North Korea atrocities 'strikingly similar' to Nazi era, UN says
North Korea says violations in report 'do not exist in our country'
North Korean security chiefs and possibly even Supreme Leader Kim Jong-un himself should face international justice for ordering systematic torture, starvation and killings comparable to Nazi-era atrocities, UN investigators said on Monday.
The investigators told Kim in a letter they were advising the United Nations to refer North Korea to the International Criminal Court (ICC), to make sure any culprits "including possibly yourself" were held accountable.
The unprecedented public rebuke and warning to a head of state by a UN inquiry is likely to further antagonize Kim and complicate efforts to persuade him to rein in his isolated country's nuclear weapons program and belligerent confrontations with South Korea and the West.
North Korea "categorically and totally" rejected the accusations set out in a 372-page report, saying they were based on material faked by hostile forces backed by the United States, the European Union and Japan.
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Michael Kirby, chairman of the UN Commission of Inquiry, said he expected his group's findings to "galvanize action on the part of the international community".
"These are not the occasional wrongs that can be done by officials everywhere in the world, they are wrongs against humanity, they are wrongs that shock the consciousness of humanity," Kirby, a former chief justice of Australia, told journalists.
Referral to the Hague-based International Criminal Court is seen as unlikely given China's probable veto of any such move in the UN Security Council, diplomats told Reuters.
Crimes on par with Second World War
Kirby told Reuters the crimes the team had catalogued were reminiscent of those committed by Nazis during the Second World War.
"Some of them are strikingly similar," he said.
"Another possibility is establishment of an ad hoc tribunal like the tribunal on the former Yugoslavia," Kirby said.
The UN investigators also told Kim's main ally China that it might be "aiding and abetting crimes against humanity" by sending migrants and defectors back to North Korea to face torture or execution, a charge that Chinese officials dismissed.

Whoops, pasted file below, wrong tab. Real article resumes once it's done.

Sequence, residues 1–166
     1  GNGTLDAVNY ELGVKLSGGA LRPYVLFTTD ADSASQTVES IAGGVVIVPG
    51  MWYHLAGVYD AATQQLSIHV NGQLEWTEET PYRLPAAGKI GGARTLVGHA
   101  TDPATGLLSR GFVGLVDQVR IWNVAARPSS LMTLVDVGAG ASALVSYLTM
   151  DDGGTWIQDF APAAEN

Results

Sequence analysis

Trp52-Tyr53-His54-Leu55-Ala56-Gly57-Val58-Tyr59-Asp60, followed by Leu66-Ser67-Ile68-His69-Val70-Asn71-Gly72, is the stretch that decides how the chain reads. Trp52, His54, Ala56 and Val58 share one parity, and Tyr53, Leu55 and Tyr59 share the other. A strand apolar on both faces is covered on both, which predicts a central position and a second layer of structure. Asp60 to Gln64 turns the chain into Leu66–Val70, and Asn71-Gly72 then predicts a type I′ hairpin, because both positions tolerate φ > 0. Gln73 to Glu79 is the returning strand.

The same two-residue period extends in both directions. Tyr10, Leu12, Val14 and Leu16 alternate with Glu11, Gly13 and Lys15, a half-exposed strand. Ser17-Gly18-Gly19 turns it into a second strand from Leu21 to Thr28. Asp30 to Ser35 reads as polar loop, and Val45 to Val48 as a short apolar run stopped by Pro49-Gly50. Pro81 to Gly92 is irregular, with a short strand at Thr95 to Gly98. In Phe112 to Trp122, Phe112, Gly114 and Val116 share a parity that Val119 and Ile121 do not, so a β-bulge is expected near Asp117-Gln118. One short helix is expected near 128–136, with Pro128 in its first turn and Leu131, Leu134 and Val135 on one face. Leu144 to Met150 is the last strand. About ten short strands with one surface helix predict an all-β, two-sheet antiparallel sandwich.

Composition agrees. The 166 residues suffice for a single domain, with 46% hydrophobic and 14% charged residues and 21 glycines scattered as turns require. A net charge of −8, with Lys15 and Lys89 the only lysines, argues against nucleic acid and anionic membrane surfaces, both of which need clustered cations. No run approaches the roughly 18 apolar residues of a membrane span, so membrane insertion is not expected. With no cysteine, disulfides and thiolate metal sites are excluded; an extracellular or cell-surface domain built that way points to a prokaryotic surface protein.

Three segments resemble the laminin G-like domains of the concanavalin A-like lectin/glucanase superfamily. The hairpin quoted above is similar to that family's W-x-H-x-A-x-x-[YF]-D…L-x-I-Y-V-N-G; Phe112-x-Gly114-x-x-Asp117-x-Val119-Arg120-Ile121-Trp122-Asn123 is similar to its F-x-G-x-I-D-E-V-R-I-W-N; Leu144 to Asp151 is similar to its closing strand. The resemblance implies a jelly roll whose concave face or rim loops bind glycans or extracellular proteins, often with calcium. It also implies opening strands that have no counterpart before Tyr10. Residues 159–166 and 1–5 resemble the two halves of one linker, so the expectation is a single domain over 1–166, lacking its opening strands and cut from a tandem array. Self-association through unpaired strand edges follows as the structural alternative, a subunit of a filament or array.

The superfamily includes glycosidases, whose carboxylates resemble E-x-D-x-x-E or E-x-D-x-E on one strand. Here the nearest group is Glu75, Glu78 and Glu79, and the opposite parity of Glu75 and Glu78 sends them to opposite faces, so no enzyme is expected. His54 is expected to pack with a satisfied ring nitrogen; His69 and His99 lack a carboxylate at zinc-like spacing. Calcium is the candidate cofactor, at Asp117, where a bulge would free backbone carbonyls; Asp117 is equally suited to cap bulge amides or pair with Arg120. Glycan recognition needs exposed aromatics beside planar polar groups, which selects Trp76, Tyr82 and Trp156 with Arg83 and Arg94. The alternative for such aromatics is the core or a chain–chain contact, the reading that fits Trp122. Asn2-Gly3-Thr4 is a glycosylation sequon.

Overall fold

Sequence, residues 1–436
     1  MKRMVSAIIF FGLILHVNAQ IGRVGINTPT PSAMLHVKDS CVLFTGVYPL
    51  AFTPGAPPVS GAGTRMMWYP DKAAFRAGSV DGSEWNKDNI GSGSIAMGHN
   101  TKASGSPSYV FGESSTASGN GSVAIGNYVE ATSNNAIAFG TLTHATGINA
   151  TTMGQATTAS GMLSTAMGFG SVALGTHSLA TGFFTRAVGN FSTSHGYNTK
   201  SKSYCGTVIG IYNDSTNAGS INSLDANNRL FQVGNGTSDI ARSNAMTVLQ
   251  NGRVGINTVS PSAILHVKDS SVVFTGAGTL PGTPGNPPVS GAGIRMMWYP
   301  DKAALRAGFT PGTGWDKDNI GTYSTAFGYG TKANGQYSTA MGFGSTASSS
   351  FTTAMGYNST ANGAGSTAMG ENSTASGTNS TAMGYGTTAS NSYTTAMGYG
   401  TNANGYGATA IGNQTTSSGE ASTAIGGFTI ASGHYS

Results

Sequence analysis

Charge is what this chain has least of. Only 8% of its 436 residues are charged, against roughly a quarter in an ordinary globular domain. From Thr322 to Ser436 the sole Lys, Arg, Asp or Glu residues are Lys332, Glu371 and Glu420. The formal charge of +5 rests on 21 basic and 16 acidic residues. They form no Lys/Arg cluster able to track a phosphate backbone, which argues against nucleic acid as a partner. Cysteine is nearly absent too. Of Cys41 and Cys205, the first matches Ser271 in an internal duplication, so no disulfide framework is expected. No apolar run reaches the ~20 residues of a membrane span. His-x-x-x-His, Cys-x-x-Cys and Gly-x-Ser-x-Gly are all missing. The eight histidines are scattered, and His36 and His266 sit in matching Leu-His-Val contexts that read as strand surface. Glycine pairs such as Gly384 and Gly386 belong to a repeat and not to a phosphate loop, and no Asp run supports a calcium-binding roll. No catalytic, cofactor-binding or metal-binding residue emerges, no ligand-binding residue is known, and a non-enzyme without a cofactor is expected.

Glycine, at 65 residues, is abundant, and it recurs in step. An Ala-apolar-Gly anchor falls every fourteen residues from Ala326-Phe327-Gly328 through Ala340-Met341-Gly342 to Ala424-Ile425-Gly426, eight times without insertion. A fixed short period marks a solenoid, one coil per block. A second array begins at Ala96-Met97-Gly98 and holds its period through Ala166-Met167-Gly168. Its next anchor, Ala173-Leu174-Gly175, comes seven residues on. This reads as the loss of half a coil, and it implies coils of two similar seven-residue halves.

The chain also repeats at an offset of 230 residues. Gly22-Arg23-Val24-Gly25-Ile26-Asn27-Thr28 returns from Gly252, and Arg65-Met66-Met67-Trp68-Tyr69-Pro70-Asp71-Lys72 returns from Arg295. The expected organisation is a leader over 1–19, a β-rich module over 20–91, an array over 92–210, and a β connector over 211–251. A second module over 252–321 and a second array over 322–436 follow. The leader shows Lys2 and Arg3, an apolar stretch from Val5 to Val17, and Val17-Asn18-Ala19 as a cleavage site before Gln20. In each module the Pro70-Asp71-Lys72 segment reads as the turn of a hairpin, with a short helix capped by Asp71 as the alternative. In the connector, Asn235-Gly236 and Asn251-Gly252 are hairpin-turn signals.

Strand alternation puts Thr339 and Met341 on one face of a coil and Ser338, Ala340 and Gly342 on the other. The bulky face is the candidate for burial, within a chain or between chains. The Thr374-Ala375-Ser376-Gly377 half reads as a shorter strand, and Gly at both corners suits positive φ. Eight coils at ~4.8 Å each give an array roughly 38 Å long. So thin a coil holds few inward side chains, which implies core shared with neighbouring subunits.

The findings came out of a year-long investigation involving public testimony by defectors, including former prison camp guards, at hearings in South Korea, Japan, Britain and the United States.
Defectors included Shin Dong-hyuk, who gave harrowing accounts of his life and escape from a prison camp. As a 13-year-old, he informed a prison guard of a plot by his mother and brother to escape and both were executed, according to a book on his life called Escape from Camp 14.
"Testimony was given ... in relation to the political prison camps of large numbers of people who were malnourished, who were effectively starved to death and then had to be disposed of in pots, burned and then buried ... It was the duty of other prisoners in the camps to dispose of them," he said.
The number of North Korean officials potentially guilty of the worst crimes, would be "running into the hundreds," he said.
The independent investigators' report cited crimes including murder, torture, rape, abductions, starvation and executions.
"The gravity, scale and nature of these violations reveal a state that does not have any parallel in the contemporary world," it said.
North Korea dismisses report
North Korea's diplomatic mission in Geneva dismissed the findings. "We will continue to strongly respond to the end to any attempt of regime-change and pressure under the pretext of 'human rights protection,'" it said.
The two-page North Korean statement, in English, said the report was an "instrument of a political plot aimed at sabotaging the socialist system" and defaming the country.
Violations listed in the document and forwarded to Pyongyang for comment several weeks ago, "do not exist in our country".
The investigators said abuses were mainly perpetrated by officials in structures that ultimately reported to Kim - state security, the Ministry of People's Security, the army, the judiciary and Workers' Party of Korea.
"It is open to inference that the officials are, in some instances, acting under your personal control," Kirby wrote in the three-page letter to Kim published as part of the report.
The team recommended targeted U.N. sanctions against civil officials and military commanders suspected of the worst crimes. It did not reveal any names, but said it had compiled a database of suspects from evidence and testimony.
Pyongyang has used food as "a means of control over the population" and "deliberate starvation" to punish political and ordinary prisoners, according to the team of 12 investigators.
Pervasive state surveillance quashed all dissent, it said.
North Korea's extermination of political prisoners over the past five decades might amount to genocide, the report added, although the legal definition of genocide normally refers to the killing of large parts of a national, ethnic or religious group.
Kirby warned China's charge d'affaires in Geneva, Wu Haitao, in a Dec. 16 letter that the forced repatriations of North Korean migrants and defectors might amount to "the aiding and abetting (of) crimes against humanity", the said.
Wu, in a reply also published in the report, said the fact that some of the North Korean migrants regularly managed to get back into China after their return showed that the allegations of torture were not true.
Human Rights Watch said it hoped the report would open the UN Security Council's eyes to the scale of atrocities.
"By focusing only on the nuclear threat in North Korea, the Security Council is overlooking the crimes of North Korean leaders who have overseen a brutal system of gulags, public executions, disappearances, and mass starvation," said executive director Kenneth Roth.